What we do have, and what Ehrman spends most of his book discussing, is dozens and dozens of texts that seem to have been forged on lots of different subjects. Ehrman is relatively maximalist when it comes to identifying pseudepigraphal texts in the New Testament, and there is room for legitimate scholarly disagreement in some instances. (For example, the “consensus” about 2 Thessalonians is hardly as strong as he suggests.) Nevertheless, he displays an impressive control of the critical issues surrounding a dizzying number of sources, ranging from the first to the fourth century and so straddling the traditional boundaries between the disciplines of New Testament and Early Christianity (or Patristics, as it is still called in some quarters), a hallmark of Ehrman’s career. And he demonstrates that the New Testament pseudonymous letters are merely the earliest examples of an ongoing literary practice in ancient Christian circles.

The texts chosen all display, according to Ehrman, a polemical edge, and, reminiscent of his earlier The Orthodox Corruption of Scripture, he organizes the study into taxonomies of controversies. The focus on polemic prevents Forgery and Counterforgery from being a warmed-over and Englished version of Wolfgang Speyer’s great work, Die Literarische Fälschung im heidnischen und christlichen Altertum (though, to be fair, Ehrman has surpassed Speyer on a number of fronts). But this concentration on polemic raises two questions.

First, by the time Ehrman has finished cataloguing the pseudepigrapha he considers polemical (by his rather capacious definition), we are left with very few non-polemical pseudepigraphal works. This could mean, as Ehrman prefers to take it, that polemic was a dominant mode of engagement with other ideas in early Christianity, and the volume of these forgeries simply attests to that prevalence. Or, one might suggest — as I would — that polemic is at least partially a distorting lens through which to view this literature, one that tempts an author to over-read the texts under investigation. For example, Ehrman makes an interesting attempt to read the insipid Epistle to the Laodiceans as ultimately anti-Marcionite, but it would be difficult to find a more unspecific and bland forgery. If ever a forgery did not deserve to be called polemical, Laodiceans is it. And one would be hard-pressed to view many of his so-called “apologetic forgeries” as polemical. Most of Ehrman’s examples are admittedly stronger, but even in more straightforward cases “polemic” often shades into “strongly asserted view.” By the law of non-contradiction, any specific line of argument can be taken as a “polemic” against its opposite. But then the category begins to lose its analytical precision and its heuristic value.

This leads to a second, more substantive worry about the organizing category. Pseudepigraphal texts, as Ehrman deftly shows, achieve their rhetorical purposes through the legitimating strategy of verisimilitude. The Paul of 2 Timothy asks Timothy to bring Paul’s cloak with him from Troas. The Peter of 2 Peter recalls seeing Jesus on the mount of transfiguration. And so on. These legitimating strategies lend an air of reality to the letters, and so attempt to prepare a place for them to be favorably received. But if pseudepigraphal texts — or letters, at least, which make up the largest generic category in the book — have fictionalized authors and fictionalized recipients, why should we assume they have real situations in view? Might the polemical language simply be part of the “reality effect,” particularly since the authentic letters of Paul are not short on polemic? That something sounds specific does not necessarily mean it addresses an actual phenomenon; to hold otherwise may be making unsupportable assumptions. Polemical language in pseudepigraphal texts probably does sometimes have in view real-world situations, but the fraught process of mirror-reading — discerning a situation behind a letter by reconstructing the ostensible reality from the language the author uses — is clearly even more severe for these texts than for orthonymous letters (in which the author is correctly identified).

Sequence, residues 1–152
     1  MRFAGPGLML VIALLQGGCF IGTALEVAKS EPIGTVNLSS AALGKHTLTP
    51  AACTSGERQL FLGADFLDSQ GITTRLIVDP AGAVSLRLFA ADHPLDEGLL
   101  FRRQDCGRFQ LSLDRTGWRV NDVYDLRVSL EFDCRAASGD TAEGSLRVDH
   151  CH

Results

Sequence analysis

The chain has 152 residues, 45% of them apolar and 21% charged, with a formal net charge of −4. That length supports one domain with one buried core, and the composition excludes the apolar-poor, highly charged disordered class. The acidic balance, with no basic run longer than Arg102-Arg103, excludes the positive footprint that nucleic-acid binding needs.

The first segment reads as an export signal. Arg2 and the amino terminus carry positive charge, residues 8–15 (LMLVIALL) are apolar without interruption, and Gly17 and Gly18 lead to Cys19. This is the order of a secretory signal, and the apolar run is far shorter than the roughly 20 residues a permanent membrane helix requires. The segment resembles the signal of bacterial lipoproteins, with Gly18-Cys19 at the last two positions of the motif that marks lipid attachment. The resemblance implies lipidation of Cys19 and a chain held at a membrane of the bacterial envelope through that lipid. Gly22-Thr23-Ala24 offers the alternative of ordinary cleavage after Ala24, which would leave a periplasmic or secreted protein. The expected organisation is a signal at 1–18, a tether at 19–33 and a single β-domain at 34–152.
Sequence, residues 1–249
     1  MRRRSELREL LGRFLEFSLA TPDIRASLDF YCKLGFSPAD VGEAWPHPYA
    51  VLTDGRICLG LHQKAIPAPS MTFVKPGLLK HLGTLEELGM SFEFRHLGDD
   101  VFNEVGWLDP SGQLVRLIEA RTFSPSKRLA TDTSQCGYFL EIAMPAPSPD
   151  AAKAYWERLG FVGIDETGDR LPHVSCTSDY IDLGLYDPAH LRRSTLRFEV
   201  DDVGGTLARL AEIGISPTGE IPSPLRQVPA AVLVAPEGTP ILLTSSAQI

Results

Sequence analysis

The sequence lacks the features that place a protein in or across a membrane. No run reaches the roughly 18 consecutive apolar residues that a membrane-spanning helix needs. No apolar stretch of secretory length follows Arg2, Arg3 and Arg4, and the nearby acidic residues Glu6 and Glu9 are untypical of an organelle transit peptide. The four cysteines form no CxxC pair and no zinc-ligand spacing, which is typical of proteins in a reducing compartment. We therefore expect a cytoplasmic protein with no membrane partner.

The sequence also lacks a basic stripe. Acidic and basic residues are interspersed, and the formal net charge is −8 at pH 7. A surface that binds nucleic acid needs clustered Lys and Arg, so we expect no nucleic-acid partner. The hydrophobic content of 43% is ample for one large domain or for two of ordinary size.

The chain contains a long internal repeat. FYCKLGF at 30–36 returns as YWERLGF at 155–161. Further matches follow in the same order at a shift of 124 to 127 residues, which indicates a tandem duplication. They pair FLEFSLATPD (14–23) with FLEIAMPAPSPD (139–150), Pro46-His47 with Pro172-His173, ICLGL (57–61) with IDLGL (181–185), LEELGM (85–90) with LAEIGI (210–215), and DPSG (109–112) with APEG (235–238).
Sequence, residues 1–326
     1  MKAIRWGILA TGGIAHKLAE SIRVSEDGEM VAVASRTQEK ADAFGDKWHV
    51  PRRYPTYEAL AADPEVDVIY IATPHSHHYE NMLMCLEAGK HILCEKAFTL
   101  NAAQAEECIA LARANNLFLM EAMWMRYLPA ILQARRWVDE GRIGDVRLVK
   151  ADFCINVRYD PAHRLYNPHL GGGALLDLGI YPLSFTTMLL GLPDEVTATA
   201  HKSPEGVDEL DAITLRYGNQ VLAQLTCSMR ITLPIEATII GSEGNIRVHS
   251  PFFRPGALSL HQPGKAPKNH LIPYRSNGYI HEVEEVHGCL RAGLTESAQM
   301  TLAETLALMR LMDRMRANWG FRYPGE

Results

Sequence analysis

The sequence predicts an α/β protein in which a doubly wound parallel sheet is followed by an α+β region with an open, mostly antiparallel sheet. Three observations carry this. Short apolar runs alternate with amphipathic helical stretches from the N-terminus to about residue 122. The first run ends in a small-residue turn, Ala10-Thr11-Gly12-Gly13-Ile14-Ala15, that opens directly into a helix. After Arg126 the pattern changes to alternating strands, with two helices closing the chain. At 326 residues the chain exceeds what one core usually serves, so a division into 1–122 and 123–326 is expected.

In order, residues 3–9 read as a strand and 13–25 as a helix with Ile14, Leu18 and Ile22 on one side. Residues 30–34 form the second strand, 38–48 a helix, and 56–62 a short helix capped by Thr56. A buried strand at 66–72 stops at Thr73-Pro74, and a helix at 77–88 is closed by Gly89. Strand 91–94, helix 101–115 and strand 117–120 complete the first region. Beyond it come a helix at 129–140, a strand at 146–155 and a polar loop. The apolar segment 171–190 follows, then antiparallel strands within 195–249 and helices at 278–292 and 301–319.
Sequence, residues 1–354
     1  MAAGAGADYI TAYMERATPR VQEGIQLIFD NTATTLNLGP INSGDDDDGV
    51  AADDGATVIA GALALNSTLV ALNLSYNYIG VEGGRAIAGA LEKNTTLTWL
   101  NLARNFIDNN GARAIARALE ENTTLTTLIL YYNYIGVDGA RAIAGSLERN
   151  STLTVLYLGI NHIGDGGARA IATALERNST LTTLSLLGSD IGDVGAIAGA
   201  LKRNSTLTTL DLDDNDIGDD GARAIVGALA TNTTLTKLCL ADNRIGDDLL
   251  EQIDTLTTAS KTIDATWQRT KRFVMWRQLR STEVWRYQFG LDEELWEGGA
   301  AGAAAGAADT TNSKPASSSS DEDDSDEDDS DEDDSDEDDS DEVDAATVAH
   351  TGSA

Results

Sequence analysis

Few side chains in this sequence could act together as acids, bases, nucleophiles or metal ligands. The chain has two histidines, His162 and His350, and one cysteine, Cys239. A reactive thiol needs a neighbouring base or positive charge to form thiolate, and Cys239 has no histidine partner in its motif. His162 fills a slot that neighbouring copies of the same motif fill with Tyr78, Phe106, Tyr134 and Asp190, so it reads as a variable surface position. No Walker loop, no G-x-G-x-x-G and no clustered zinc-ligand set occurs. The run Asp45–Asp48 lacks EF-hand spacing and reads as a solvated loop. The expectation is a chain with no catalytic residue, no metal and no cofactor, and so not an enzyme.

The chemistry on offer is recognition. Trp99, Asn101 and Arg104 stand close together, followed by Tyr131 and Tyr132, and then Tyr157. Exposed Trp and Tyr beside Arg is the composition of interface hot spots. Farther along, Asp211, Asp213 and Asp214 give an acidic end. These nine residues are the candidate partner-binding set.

Ehrman, perhaps more than any other scholar of early Christianity, has made a name for himself by repeatedly invoking his autobiography and publically chronicling his pilgrimage from fundamentalist Christianity to religious agnosticism. With this in mind, some will be tempted to dismiss this latest work as one more of his popularizing shockers, as sensationalist and even perhaps itself as a specimen of the theological polemic it catalogues. But such a judgment could only be reached by a willful misreading of this rich book, a reading that assumes a correlation between criticism and theological hostility. There is very little sensationalism here, even if one should occasionally transpose Ehrman’s “certainlies” into “possiblies” or “probablies” — as in, to take one example at random, his contention that “James could almost certainly not write.” Forgery and Counterforgery can only with difficulty be taken as anti-theological or anti-Christian: though Ehrman repeatedly urges, somewhat flat-footedly, that he is doing “history, not theology” (one is tempted to imagine the conversations around the coffee machine at the National Humanities Center, where much of the book was written, that could have led to such defensive asseverations), he writes sympathetically, if not uncritically, of the possible motives that might have inspired these early pious forgers.

Like world leaders today, early Christian leaders sometimes lied to their own people. If it is unsettling to consider that a book that urges “each of you must put off falsehood and speak truthfully to your neighbor” did not abide by its own advice, Christians can also take comfort in the conviction that the God in whom they believe is the one who justifies the ungodly.

† Note on the use of “Lies, Damned Lies, and Patristics”: I smugly applauded my cleverness in happening upon this turn of phrase, but the anxiety of influence led me to a Google search that indicates I’ve probably plagiarized it from Kim Fabricius.